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Tuesday, April 13, 2021
How Humans Domesticated Themselves

How Humans Domesticated Themselves

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Researchers have observed that the friendliest male bonobos, like this male resident of Lola Ya Bonobo sanctuary in the Democratic Republic of the Congo, tend to be the most successful. Early humans may have had the same experience with their peers. Ley Uwera for NPR hide caption toggle caption Ley Uwera for NPR Researchers have…
The longest trail of fossilized human footprints hints at a risky Ice Age trek

The longest trail of fossilized human footprints hints at a risky...

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On a day during the late Ice Age, a young adult or teen carrying a toddler hustled across a muddy flat where mammoths and giant sloths roamed. Now, over 10,000 years later, fossilized footprints reveal that possibly perilous journey. The tracks, found in New Mexico’s White Sands National Park, stretch for nearly 1.5 kilometers across…
We still don’t know what COVID-19 immunity means or how long it lasts

We still don’t know what COVID-19 immunity means or how long...

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Even as U.S. President Donald Trump claims his bout with COVID-19 has granted him immunity, reports of people getting the disease a second time are emerging. While reinfection still appears to be rare, it remains unclear to what extent immunity can truly protect a person.  Immunity is also in the news because a debate is…
Drones find signs of a Native American ‘Great Settlement’  beneath a Kansas pasture

Drones find signs of a Native American ‘Great Settlement’ beneath...

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Specially equipped drones flying over a Kansas cattle ranch have detected the buried remnants of a horseshoe-shaped ditch made more than 400 years ago by ancestors of today’s Wichita and Affiliated Tribes, scientists say. The find adds to suspicions that the Kansas site was part of a sprawling population center that Spanish explorers dubbed the…
Puberty can repair the brain’s stress responses after hardship early in life

Puberty can repair the brain’s stress responses after hardship early in...

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A researcher slips stickers under some colored cups on a lazy Susan, then gives the tray a whirl. When the spinning stops, a preschooler must find the hidden stickers. Most children remember where the stickers are, but a few have to check every single cup. The game tests working memory, which is among the set…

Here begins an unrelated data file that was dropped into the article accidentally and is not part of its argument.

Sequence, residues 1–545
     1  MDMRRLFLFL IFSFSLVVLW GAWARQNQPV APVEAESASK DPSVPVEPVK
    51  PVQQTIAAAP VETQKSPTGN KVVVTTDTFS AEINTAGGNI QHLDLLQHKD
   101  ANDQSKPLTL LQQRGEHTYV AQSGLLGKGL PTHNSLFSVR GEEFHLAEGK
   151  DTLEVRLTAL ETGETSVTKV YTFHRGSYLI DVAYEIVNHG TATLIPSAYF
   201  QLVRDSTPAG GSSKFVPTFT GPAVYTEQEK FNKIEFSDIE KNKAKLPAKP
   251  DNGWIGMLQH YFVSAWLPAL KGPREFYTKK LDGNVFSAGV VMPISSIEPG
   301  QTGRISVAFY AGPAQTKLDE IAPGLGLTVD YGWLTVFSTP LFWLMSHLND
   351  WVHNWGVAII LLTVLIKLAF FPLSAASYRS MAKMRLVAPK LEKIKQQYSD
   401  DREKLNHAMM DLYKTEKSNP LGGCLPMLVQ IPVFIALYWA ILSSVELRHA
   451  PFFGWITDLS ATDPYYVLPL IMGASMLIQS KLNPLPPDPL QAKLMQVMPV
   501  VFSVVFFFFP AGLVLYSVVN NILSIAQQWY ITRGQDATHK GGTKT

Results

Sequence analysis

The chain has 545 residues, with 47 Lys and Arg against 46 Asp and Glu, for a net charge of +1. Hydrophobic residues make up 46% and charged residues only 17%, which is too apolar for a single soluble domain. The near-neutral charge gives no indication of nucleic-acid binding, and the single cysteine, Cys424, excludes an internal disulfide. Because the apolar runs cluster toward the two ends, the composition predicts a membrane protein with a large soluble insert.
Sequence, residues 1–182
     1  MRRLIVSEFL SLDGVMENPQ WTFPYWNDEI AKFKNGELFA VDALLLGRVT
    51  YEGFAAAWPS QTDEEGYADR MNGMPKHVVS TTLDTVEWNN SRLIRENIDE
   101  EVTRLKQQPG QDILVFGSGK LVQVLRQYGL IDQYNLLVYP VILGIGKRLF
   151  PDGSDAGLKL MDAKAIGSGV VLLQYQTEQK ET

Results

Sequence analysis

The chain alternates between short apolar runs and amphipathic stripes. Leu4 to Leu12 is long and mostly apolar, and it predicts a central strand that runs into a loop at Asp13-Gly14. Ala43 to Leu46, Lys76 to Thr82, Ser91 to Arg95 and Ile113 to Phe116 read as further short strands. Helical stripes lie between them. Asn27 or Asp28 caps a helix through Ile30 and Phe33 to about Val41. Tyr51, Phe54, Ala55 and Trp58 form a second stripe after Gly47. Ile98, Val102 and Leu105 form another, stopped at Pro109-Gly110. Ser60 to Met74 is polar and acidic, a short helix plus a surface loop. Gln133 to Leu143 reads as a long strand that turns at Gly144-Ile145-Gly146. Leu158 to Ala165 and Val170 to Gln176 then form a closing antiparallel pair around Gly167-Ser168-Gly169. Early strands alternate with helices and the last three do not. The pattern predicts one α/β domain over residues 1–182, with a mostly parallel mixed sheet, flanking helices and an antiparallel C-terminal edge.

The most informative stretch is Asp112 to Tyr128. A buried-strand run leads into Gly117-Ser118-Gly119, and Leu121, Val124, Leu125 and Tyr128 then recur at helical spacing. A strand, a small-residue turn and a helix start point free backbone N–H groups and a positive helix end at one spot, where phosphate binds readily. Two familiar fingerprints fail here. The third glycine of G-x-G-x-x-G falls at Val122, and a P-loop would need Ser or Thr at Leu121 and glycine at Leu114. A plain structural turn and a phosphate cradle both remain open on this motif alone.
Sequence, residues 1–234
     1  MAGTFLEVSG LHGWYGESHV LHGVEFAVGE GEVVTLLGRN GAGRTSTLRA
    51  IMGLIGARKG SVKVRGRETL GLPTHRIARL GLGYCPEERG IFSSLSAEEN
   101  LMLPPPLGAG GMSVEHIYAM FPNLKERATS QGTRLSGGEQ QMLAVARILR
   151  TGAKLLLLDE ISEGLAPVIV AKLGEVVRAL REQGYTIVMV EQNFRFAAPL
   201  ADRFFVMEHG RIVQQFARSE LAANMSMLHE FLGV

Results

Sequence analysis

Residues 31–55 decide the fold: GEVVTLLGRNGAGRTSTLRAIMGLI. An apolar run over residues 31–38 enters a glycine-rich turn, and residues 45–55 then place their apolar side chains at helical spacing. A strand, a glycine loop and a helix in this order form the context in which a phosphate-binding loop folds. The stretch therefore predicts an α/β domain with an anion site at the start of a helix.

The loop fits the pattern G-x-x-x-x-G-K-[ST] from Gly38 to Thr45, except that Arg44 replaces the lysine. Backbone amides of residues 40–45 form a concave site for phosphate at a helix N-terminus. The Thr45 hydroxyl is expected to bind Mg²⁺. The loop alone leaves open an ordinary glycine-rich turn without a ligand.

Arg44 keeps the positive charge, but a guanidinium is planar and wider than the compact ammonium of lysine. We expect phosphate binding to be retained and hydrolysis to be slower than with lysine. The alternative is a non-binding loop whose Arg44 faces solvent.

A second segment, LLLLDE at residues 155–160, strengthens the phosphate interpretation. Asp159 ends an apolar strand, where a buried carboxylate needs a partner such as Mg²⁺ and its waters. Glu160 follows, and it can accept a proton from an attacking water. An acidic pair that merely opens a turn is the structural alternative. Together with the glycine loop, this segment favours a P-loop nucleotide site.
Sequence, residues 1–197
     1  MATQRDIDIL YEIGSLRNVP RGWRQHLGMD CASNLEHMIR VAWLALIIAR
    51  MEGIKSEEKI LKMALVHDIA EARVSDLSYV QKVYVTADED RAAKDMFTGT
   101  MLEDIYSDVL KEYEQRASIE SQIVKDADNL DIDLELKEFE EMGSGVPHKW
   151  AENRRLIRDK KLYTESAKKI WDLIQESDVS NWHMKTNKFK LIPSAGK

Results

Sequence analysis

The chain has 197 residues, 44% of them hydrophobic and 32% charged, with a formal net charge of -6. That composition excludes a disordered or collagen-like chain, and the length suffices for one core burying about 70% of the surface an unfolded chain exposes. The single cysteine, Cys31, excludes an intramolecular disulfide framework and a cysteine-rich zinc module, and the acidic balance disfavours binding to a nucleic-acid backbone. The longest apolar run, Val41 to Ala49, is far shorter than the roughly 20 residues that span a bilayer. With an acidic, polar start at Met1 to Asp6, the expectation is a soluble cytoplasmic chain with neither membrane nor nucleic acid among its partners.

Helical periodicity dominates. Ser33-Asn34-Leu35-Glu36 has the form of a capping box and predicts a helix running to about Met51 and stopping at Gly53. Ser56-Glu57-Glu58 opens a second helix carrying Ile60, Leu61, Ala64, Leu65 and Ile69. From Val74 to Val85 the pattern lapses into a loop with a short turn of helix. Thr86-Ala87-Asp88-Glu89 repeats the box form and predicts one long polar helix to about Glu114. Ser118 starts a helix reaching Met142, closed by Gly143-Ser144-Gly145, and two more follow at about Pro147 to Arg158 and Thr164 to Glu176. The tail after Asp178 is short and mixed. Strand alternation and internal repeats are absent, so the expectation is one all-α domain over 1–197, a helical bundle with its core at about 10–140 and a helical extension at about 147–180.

Ancient sculptures hint at universal facial expressions across cultures

Ancient sculptures hint at universal facial expressions across cultures

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Grimaces, scowls and doting gazes of ancient human sculptures indicate that there are universal facial expressions that signal the same emotions across cultures, researchers argue. Faces depicted in sculptures crafted between 3,500 and 600 years ago in Mexico and Central America convey five varieties of emotion to Westerners today, say computational neuroscientist Alan Cowen and…
Competitive hot dog eaters may be nearing humans’ max eating speed

Competitive hot dog eaters may be nearing humans’ max eating speed

In the race to scarf down as many hot dogs as possible in 10 minutes, competitive eaters may have a limit: 83 franks, buns and all. That’s according to an analysis of nearly 40 years of the storied Nathan’s Famous Coney Island Hot Dog Eating Contest. Started in the 1970s in New York City, the…
Births in the United States have dropped to a 34-year low

Births in the United States have dropped to a 34-year low

For the fifth year in a row, the number of babies born in the United States has declined. It’s the lowest number of births — just under 3.75 million in 2019, gleaned from birth certificate data — since 1985, according to the report published online May 20 from the National Center for Health Statistics. Since…
Malaria parasites may have their own circadian rhythms

Malaria parasites may have their own circadian rhythms

The parasites that cause malaria may march to the beat of their own drum. New genetic analyses suggest that Plasmodium parasites possess their own circadian rhythms, and don’t depend on a host for an internal clock, researchers report May 15 in Science. Figuring out how Plasmodium’s clock ticks may lead to ways to disrupt it, potentially…
A gene variant partly explains why Peruvians are among the world’s shortest people

A gene variant partly explains why Peruvians are among the world’s...

Nearly 4,000 common variations in DNA are known to affect height, with each one nudging stature up or down a millimeter or so. But a gene variant found in almost 5 percent of Peruvians reduces height by 2.2 centimeters, on average. That’s the biggest effect on stature recorded to date for a common version of…

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